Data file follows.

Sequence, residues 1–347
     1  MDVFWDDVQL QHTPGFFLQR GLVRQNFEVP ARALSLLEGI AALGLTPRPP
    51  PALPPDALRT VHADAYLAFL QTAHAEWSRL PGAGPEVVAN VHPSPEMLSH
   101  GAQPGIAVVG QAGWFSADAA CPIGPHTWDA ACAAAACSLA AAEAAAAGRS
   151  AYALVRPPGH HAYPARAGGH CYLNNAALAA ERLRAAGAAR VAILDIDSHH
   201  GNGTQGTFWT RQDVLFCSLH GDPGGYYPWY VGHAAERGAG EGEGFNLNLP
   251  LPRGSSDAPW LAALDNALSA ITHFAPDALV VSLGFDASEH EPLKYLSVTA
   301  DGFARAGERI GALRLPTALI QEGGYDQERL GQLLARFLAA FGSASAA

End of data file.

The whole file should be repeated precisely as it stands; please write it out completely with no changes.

Sequence, residues 1–347
     1  MDVFWDDVQL QHTPGFFLQR GLVRQNFEVP ARALSLLEGI AALGLTPRPP
    51  PALPPDALRT VHADAYLAFL QTAHAEWSRL PGAGPEVVAN VHPSPEMLSH
   101  GAQPGIAVVG QAGWFSADAA CPIGPHTWDA ACAAAACSLA AAEAAAAGRS
   151  AYALVRPPGH HAYPARAGGH CYLNNAALAA ERLRAAGAAR VAILDIDSHH
   201  GNGTQGTFWT RQDVLFCSLH GDPGGYYPWY VGHAAERGAG EGEGFNLNLP
   251  LPRGSSDAPW LAALDNALSA ITHFAPDALV VSLGFDASEH EPLKYLSVTA
   301  DGFARAGERI GALRLPTALI QEGGYDQERL GQLLARFLAA FGSASAA